Reach and frequency are the peanut butter and chocolate of the marketing world. Each works separately on their own, but with the right amount of both, magic happens.  

To ensure the best return on investment (ROI) for your advertising campaign, it’s important that these two elements - reach and frequency - are a central part of your media planning process.  

What is Reach in Media Planning? 

First, a definition: When we’re talking about “reach,” what are we talking about? When talking about planning your media, the reach is the estimated percentage of targets who are exposed to your content during a specific period. 

Keep in mind that reach isn’t simply a percentage of total customers. Instead, it’s a percentage of a specified audience. During your planning phase, you will begin to flesh out who your target audience is. Your reach is going to be how many of them your content is landing in front of.  

For example, you may want to reach first-time homeowners in a specific area. Your reach will be a percentage of the total number of first-time homeowners in that targeted area.  

Reach is an essential part of your media planning process because it can: 

  1. Help minimize risks 

Knowing an estimate of how many customers you can reach can help you make better decisions when it comes to spending your money. You will be able to invest in campaigns that get you the best ROI. 

  1. Help fine-tune your messaging 

When you know exactly who you are reaching and who you hope to attract, you can make sure the language and tone of your message is tailored to them directly. 

What is Frequency in Media Planning? 

Reach and frequency often go hand in hand when it comes to media planning. While reach is how many people your ad may get in front of, frequency is the average number of times that ad will be put in front of someone during the entire course of your campaign.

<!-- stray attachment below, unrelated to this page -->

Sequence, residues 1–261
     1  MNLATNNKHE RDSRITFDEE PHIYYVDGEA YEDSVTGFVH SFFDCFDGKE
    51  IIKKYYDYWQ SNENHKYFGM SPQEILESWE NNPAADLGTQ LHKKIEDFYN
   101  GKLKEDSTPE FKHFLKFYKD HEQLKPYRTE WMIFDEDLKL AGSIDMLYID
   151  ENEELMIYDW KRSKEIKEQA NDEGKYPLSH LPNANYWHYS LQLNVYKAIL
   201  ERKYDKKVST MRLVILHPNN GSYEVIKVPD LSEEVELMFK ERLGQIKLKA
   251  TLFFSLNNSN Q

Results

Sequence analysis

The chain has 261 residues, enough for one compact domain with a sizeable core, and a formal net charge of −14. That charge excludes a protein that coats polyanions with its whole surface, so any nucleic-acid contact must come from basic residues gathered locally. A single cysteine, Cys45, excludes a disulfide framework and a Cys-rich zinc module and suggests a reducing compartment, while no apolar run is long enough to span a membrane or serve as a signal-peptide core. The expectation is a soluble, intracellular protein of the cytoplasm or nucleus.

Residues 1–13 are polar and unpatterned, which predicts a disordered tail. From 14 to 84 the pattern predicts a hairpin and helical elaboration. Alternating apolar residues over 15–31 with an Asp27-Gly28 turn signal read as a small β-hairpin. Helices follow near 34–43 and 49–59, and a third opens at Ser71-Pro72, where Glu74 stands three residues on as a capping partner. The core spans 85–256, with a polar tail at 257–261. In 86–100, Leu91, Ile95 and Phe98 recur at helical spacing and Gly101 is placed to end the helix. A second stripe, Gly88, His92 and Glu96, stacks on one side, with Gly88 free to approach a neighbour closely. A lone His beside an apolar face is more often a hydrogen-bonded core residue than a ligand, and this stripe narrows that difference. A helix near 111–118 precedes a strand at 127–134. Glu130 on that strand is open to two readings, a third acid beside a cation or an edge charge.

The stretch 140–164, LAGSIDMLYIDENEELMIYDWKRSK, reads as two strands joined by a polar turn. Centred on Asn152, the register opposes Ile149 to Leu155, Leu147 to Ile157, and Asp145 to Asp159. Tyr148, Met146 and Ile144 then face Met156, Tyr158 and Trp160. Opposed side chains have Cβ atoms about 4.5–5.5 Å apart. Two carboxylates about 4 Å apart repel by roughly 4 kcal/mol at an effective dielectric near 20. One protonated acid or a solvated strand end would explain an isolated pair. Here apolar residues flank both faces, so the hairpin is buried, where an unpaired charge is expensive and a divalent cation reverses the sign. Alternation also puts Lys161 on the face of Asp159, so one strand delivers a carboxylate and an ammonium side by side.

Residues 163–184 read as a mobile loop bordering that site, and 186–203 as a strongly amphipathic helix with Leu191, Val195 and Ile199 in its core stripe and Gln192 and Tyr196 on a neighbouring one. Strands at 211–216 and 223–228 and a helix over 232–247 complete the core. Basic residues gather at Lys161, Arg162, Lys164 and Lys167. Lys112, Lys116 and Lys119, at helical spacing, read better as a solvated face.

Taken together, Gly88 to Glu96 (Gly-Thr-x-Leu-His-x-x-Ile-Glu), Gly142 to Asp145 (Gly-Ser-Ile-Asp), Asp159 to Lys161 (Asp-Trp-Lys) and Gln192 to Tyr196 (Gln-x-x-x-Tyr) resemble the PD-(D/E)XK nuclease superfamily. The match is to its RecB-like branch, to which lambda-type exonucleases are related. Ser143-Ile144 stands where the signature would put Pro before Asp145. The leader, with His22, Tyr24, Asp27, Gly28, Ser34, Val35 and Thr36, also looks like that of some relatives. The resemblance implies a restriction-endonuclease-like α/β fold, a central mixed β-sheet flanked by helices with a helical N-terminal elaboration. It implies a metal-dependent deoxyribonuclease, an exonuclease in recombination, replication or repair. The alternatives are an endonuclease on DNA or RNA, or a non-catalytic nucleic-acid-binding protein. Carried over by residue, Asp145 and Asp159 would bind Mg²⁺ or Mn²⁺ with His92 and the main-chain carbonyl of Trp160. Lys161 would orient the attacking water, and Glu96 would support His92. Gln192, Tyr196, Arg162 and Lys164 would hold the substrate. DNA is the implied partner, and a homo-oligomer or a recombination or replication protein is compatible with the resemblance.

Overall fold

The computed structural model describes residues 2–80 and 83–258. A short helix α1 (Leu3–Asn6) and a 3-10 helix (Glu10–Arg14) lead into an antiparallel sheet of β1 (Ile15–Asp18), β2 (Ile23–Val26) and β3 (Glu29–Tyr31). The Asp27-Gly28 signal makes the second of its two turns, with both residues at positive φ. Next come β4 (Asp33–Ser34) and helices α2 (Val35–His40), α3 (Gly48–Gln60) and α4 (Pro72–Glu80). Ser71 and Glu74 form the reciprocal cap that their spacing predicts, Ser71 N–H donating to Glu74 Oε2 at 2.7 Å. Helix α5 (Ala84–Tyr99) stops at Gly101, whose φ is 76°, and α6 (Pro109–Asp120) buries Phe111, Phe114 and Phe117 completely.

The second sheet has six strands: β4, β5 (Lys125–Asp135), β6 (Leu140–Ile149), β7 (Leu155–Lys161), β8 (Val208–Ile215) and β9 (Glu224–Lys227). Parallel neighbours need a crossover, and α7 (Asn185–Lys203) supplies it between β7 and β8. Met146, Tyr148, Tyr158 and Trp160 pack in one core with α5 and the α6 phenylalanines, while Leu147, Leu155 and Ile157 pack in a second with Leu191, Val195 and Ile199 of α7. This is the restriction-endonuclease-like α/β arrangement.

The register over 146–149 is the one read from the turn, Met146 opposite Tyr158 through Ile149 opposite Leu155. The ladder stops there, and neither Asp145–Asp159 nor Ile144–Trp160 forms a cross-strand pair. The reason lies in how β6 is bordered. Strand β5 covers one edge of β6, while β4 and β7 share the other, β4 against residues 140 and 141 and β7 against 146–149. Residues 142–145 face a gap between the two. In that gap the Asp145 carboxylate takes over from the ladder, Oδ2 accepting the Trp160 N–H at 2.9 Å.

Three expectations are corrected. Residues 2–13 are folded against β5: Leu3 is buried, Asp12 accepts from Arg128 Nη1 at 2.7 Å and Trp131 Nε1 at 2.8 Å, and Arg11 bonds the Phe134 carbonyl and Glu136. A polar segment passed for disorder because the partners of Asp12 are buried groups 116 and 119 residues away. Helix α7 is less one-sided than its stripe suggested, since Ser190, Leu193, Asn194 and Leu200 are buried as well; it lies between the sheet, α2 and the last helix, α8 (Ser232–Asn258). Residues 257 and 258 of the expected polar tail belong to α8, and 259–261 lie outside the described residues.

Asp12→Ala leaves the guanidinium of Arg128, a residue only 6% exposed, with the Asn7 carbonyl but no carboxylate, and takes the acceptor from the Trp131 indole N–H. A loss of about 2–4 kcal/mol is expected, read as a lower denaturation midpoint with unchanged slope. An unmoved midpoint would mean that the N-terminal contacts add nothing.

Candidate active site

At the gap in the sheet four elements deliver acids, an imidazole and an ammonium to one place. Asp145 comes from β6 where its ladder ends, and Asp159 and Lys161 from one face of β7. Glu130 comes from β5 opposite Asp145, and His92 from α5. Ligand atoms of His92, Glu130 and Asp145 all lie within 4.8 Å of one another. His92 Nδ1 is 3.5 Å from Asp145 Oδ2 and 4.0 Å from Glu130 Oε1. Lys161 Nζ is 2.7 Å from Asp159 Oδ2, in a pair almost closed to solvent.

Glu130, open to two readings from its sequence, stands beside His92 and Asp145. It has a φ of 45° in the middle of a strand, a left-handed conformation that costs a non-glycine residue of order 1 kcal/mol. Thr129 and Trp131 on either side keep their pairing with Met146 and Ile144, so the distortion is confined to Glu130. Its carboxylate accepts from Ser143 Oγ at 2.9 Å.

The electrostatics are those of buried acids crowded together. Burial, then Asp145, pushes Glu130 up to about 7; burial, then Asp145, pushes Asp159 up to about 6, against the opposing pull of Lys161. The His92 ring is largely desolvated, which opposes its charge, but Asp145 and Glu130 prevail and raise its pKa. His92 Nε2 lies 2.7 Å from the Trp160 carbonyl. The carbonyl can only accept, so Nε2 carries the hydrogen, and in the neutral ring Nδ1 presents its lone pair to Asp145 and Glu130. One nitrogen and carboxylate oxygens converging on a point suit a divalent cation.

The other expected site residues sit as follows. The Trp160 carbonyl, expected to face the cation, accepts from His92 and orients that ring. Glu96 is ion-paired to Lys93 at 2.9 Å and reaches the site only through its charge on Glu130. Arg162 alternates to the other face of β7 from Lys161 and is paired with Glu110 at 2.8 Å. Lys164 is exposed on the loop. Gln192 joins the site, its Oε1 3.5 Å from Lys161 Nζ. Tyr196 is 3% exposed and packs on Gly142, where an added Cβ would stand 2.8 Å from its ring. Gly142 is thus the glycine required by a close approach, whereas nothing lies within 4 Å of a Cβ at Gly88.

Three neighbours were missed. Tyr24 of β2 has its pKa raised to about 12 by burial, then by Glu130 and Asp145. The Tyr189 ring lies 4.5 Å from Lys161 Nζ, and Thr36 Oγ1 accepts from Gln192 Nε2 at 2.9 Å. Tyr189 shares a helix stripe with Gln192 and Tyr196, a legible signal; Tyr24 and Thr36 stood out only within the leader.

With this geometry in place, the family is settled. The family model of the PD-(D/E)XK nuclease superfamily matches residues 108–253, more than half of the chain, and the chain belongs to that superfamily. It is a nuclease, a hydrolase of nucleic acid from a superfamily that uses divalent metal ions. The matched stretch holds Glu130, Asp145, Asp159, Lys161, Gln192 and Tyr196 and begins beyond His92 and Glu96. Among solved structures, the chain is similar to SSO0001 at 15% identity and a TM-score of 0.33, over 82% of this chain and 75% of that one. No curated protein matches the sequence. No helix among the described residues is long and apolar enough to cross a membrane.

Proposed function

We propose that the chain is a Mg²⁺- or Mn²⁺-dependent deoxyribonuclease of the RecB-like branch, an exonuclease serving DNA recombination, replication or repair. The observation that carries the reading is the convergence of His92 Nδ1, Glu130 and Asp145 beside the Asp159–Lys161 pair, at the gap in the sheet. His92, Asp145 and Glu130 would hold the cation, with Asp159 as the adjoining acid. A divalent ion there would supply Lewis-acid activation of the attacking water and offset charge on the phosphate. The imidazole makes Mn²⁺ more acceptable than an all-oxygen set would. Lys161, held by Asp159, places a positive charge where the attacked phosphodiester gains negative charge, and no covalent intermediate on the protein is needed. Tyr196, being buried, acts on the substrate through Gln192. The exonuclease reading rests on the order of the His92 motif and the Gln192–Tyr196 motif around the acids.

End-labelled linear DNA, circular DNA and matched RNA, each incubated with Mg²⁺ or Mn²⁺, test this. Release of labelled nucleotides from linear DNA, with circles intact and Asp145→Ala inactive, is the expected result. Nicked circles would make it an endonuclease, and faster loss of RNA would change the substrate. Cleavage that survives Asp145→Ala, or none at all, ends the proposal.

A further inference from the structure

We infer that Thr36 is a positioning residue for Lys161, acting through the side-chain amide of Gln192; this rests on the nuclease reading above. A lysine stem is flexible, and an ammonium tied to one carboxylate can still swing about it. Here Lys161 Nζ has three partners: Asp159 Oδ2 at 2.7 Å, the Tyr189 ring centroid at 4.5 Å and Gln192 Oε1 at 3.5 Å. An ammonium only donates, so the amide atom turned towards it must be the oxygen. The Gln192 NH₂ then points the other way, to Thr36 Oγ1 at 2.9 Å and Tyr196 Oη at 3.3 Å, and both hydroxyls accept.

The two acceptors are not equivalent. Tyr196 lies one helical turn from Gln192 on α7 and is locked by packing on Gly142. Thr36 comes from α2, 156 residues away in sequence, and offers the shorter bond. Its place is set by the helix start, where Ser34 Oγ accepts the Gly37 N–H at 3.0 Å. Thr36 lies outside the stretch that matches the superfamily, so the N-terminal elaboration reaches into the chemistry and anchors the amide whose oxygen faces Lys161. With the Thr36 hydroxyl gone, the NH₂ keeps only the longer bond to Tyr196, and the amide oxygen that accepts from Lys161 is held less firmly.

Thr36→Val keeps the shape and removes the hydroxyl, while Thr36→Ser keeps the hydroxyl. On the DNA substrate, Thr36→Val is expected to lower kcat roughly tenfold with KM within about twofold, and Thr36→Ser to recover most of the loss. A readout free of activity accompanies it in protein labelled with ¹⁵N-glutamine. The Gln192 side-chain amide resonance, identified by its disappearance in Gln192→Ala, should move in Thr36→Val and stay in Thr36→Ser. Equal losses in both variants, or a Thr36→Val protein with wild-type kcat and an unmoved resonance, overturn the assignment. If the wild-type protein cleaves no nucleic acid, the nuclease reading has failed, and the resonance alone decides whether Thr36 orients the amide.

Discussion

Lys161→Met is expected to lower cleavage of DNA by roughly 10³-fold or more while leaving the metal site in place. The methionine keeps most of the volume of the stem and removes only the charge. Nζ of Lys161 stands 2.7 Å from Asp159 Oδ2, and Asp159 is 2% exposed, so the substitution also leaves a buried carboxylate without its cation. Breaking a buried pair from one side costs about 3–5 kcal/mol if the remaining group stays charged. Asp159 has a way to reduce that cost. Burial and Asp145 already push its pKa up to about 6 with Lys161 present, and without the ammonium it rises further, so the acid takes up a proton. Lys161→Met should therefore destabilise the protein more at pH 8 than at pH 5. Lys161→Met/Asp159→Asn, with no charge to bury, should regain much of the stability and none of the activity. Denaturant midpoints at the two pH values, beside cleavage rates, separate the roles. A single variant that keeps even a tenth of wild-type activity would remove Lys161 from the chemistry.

There are three popular strategies that marketers use when it comes to frequency of their advertising:


This strategy means that an ad will run on a consistent schedule for the entire course of the campaign. This strategy is best used for those products or services that are not seasonal and need regular exposure to keep them at the forefront of your target audience’s mind.  


Flighting is the term for creating alternating periods of advertisements followed by pauses in advertising. This strategy is especially beneficial to those with a not-so-large ad budget. It allows you to not waste your precious advertising dollars during times that are not likely to give you a good ROI. 


Pulsing combines the benefits of both continuity and flighting into one strategy. Pulsing refers to a low level of continuous advertising year-round and then ramping up that advertising during peak selling periods. If your product or service is good year-round but sees a peak at different times, this would be a good strategy for you. 

Reach and Frequency: What Should be the Priority?  

The ultimate goal of any media plan is to find the “just right” blend of reach and frequency. After all, these two metrics have to work together to grow your business effectively. It isn’t just about how many people your ad gets in front of, but how many times those people see that ad.  

However, if you’re in a situation where you need to prioritize one over the other, your priority should always be frequency.  

There’s a simple explanation as to why: What grows businesses is more sales, right? And what boosts sales time and again is the relationship that forms between a brand and its customers. Customers or potential customers don’t form relationships with brands they see once and then disappear. It’s the brand they see over and over again in a variety of places that makes them engaged.  

Therefore, if you need to prioritize reach and frequency, choose to get your ad in front of a targeted audience several times over getting your ad in front of the widest audience possible just once. 

Determining Goals for Your Media Planning  

The best media plans are the ones that do the most with the least. They don't waste time or money on media channels that won't help your goals, and they make sure every dollar is spent in a way that will get you what you want. 

Goals are an integral part of your media planning. When setting goals make sure they’re SMART - specific, measurable, attainable, relevant, and timely. 

Reach and frequency are going to be the metrics you use for the “measurable” part of your SMART goal. These are essential numbers you need to ensure your advertising is effective and working for you instead of wasting your money. 

If you think you’re ready to take your brand to the next level, MBI is here to help you. We specialize in helping you strategize the perfect marketing campaign to help you reach the goals you’ve created for your brand. Contact one of our experts today to discuss how we can help you.